Engel said there was no point in passing North Korea legislation again.

The Trump administration objects to a provision in the Russia bill that sets up a process for Congress to approve any effort by the president to ease sanctions on Moscow.

Seeking a greater influence in foreign policy, Congress has included provisions in a few recent major bills, starting with Corker’s 2015 legislation forcing congressional review of President Barack Obama’s nuclear deal with Iran.

Lawmakers and aides have been negotiating for weeks to try to craft a compromise that would allow the Russia-Iran bill to move forward. On Thursday, they said they thought it could advance soon but on Friday said the North Korea issue made that less likely. [L1N1K42BV]

(Reporting by Patricia Zengerle; Editing by Cynthia Osterman)

U.S. Congress negotiators set spending plan to avert shutdown, bolster defense

The U.S. Capitol Dome is seen before dawn in Washington.

By Richard Cowan

WASHINGTON (Reuters) – Negotiators in the U.S. Congress reached a deal late on Sunday on around $1 trillion in federal funding that would avert a government shutdown later this week, while handing President Donald Trump a down payment on his promised military build-up.

The full House of Representatives and Senate must still approve the bipartisan pact, which would be the first major legislation to clear Congress since Trump became president on Jan. 20.

Prompt passage of the legislation was expected this week.

The funds, which should have been locked into place seven months ago with the start of fiscal 2017 on Oct. 1, would pay for an array of federal programs from airport and border security operations to soldiers’ pay, medical research, foreign aid, space exploration, and education.

“The agreement will move the needle forward on conservative priorities and will ensure that the essential functions of the federal government are maintained, said Jennifer Hing, a spokeswoman for Republicans on the House Appropriations Committee.

If it is not enacted by midnight Friday, federal agencies would have to lay off hundreds of thousands of workers and require many others to continue on the job providing law enforcement and other essential operations without pay until the funding dispute in Congress is resolved.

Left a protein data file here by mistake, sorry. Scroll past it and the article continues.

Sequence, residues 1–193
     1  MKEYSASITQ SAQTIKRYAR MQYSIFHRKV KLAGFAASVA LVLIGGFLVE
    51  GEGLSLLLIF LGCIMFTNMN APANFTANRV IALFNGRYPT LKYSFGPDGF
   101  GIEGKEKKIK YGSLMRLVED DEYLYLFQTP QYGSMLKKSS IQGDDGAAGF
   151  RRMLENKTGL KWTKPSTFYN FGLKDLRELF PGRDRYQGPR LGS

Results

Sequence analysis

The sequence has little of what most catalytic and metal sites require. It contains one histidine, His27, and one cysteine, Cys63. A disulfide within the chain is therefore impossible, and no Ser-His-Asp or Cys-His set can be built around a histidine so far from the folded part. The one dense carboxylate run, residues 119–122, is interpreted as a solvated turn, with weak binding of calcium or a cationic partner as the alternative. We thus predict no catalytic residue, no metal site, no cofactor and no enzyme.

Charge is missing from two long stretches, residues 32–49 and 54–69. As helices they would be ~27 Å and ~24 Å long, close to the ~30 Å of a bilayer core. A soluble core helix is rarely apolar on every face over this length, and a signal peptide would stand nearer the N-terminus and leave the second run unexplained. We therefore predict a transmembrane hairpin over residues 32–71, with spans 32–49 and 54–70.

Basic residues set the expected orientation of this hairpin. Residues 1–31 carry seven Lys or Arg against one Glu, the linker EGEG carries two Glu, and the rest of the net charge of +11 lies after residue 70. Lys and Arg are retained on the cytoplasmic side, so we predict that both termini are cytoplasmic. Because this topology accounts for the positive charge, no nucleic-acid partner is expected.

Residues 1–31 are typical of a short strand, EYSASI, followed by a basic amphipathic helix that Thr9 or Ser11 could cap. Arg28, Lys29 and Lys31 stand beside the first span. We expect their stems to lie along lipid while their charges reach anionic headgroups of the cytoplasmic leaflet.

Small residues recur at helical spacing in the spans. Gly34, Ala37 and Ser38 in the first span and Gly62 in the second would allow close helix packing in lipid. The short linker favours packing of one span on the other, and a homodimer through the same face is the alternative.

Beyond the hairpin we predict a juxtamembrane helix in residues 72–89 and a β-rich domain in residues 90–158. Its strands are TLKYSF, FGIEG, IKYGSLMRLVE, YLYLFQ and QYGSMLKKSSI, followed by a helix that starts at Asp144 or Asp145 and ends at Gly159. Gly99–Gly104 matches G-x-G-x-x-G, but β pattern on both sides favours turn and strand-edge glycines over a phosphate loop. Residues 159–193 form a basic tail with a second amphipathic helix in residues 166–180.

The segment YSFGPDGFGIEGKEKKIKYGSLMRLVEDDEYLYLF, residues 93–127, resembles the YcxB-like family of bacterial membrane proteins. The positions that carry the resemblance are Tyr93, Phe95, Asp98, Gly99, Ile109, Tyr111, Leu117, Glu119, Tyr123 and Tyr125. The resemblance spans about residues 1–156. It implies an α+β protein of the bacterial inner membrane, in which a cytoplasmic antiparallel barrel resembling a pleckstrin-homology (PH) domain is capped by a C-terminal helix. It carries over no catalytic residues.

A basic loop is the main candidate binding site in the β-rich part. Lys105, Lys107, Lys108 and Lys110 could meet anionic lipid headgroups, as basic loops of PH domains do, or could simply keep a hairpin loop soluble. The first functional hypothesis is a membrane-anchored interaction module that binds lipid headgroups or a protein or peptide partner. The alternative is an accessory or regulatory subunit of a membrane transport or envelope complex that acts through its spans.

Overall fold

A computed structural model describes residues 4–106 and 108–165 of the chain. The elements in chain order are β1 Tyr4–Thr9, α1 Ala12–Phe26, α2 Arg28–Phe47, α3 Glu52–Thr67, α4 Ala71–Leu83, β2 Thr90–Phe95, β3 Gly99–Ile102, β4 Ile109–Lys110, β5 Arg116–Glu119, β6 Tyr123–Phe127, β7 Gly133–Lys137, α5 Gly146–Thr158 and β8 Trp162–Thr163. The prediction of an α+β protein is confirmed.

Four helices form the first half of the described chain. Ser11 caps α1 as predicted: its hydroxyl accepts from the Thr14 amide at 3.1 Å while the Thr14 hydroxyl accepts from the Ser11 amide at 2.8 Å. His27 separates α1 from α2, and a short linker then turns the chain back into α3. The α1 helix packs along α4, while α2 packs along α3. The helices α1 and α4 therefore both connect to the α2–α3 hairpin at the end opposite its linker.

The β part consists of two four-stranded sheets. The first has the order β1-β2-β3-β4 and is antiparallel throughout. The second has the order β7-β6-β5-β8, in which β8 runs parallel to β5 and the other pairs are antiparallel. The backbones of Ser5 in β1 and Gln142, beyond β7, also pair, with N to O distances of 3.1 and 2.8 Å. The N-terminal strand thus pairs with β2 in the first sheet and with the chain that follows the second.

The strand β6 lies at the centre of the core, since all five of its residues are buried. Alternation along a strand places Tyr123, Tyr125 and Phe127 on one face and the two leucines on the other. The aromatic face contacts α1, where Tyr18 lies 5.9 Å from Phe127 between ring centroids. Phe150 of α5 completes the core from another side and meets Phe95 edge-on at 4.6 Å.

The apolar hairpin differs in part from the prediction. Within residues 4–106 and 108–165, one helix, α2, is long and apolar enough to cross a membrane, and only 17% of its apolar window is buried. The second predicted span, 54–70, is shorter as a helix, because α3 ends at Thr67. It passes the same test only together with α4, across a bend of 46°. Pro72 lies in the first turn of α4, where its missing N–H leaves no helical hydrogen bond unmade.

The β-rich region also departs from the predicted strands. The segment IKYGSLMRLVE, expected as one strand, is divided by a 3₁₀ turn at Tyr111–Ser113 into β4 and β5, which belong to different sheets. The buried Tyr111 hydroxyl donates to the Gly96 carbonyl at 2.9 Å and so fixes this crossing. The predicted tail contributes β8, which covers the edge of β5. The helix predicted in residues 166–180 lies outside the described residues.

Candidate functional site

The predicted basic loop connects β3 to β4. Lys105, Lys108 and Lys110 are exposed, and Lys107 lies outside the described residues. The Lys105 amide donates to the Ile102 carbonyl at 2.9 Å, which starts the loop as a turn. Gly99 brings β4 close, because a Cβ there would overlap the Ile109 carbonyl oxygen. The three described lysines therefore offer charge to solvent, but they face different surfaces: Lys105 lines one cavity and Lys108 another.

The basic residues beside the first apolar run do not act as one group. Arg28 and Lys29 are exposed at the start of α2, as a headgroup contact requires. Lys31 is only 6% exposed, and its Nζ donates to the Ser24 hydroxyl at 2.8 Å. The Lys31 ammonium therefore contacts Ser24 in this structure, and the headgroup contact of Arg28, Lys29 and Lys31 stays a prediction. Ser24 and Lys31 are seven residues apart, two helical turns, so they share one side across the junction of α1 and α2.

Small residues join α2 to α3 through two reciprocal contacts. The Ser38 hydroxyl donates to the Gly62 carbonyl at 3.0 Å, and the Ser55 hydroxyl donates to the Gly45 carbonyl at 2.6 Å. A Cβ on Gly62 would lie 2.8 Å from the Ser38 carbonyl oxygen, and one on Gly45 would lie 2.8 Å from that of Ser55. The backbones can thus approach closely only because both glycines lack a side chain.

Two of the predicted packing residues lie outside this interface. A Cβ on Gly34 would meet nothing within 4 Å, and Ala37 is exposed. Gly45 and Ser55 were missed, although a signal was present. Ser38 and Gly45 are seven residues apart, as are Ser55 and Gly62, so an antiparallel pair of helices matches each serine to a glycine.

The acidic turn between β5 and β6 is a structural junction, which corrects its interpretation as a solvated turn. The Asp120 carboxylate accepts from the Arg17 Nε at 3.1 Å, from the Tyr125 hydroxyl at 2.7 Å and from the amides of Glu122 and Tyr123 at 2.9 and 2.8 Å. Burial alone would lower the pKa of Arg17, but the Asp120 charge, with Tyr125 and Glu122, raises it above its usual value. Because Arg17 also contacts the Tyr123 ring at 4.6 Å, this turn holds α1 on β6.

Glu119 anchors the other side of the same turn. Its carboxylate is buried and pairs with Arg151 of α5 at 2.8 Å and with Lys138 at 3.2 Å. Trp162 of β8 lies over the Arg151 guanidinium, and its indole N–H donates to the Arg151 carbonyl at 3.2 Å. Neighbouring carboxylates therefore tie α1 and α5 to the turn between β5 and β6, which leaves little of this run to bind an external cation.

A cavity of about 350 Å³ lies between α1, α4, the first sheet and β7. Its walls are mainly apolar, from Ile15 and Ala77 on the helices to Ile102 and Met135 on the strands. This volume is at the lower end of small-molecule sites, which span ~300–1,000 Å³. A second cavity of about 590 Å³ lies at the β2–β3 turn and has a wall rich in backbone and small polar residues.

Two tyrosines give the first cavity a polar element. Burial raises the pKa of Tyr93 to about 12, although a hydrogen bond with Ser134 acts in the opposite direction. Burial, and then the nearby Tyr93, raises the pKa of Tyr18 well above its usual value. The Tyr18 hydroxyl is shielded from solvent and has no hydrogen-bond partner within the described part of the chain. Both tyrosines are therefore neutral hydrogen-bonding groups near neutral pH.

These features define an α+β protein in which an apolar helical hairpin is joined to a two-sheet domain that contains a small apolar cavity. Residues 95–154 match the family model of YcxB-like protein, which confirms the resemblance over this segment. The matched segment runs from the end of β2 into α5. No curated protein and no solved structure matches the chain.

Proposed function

“This agreement is a good agreement for the American people  and takes the threat of a government shutdown off the table,” Senate Democratic leader Chuck Schumer said in a statement.

He said the measure would increase federal investments in medical research, education, and infrastructure.

House and Senate appropriators worked into the night to draft the legislation for lawmakers to review.

Republican Representative Jim Jordan, chairman of the conservative House Freedom Caucus, said he and other conservatives likely would not back the measure because it does not fulfill their promises to voters.

“I’m disappointed,” Jordan told CNN. “We’ll see how it plays out this week but I think you’re going to see conservatives have some real concerns with this legislation.”

A senior congressional aide said the Pentagon would win a $12.5 billion increase in defense spending for the fiscal year that ends on Sept. 30, with the possibility of an additional $2.5 billion contingent on Trump delivering a plan to Congress for defeating the Islamic State militant group.

Trump had requested $30 billion more in military funds for this year after campaigning hard on a defense build-up during the 2016 election campaign.

NO WALL MONEY

Several other important White House initiatives were rejected by the Republican and Democratic negotiators, including money for a wall on the U.S.-Mexico border that Trump has argued is needed to stop illegal immigrants and drugs.

Instead, congressional negotiators settled on $1.5 billion more for border security, including more money for new technology and repairing existing infrastructure, the aide said.

Trump, in excerpts from a CBS News interview to air later on Monday, said a separate infrastructure plan would come within three weeks.

The Trump administration had earlier backed away from a threat to end federal subsidies for low-income people to get health insurance through Obamacare, the program that Trump had pledged to repeal.

Republicans are struggling over a repeal and replacement plan for former President Barack Obama’s landmark healthcare law and it was unclear whether they would be able to bring such legislation to the House floor soon.

While Republicans control the House, Senate and White House, Democrats scored other significant victories in the deal.

Puerto Rico would get an emergency injection of $295 million in additional funding for its Medicaid health insurance program for the poor, according to the aide who asked not to be identified. The impoverished island, which is a U.S. territory, is facing a severe Medicaid funding shortfall.

Democrats also fended off potential cuts to women’s healthcare provider Planned Parenthood, while House Democratic leader Nancy Pelosi applauded a nearly $2 billion hike in funds for the National Institutes of Health this year.

Coal miners and their families facing the loss of health insurance next month would get a permanent renewal under the spending bill.

While Trump has urged Congress to impose deep cuts to the Environmental Protection Agency, most of its programs would be continued for at least the remainder of this year, according to the aide.

The House is likely to vote first on the package, probably early in the week, and send the measure to the Senate for approval before Friday’s midnight deadline.

If the legislation is enacted by week’s end, Congress would then have to begin focusing on a series of bills to fund the government at the start of the next fiscal year on Oct. 1.

(Additional reporting by Susan Heavey; Editing by Paul Tait and Chizu Nomiyama)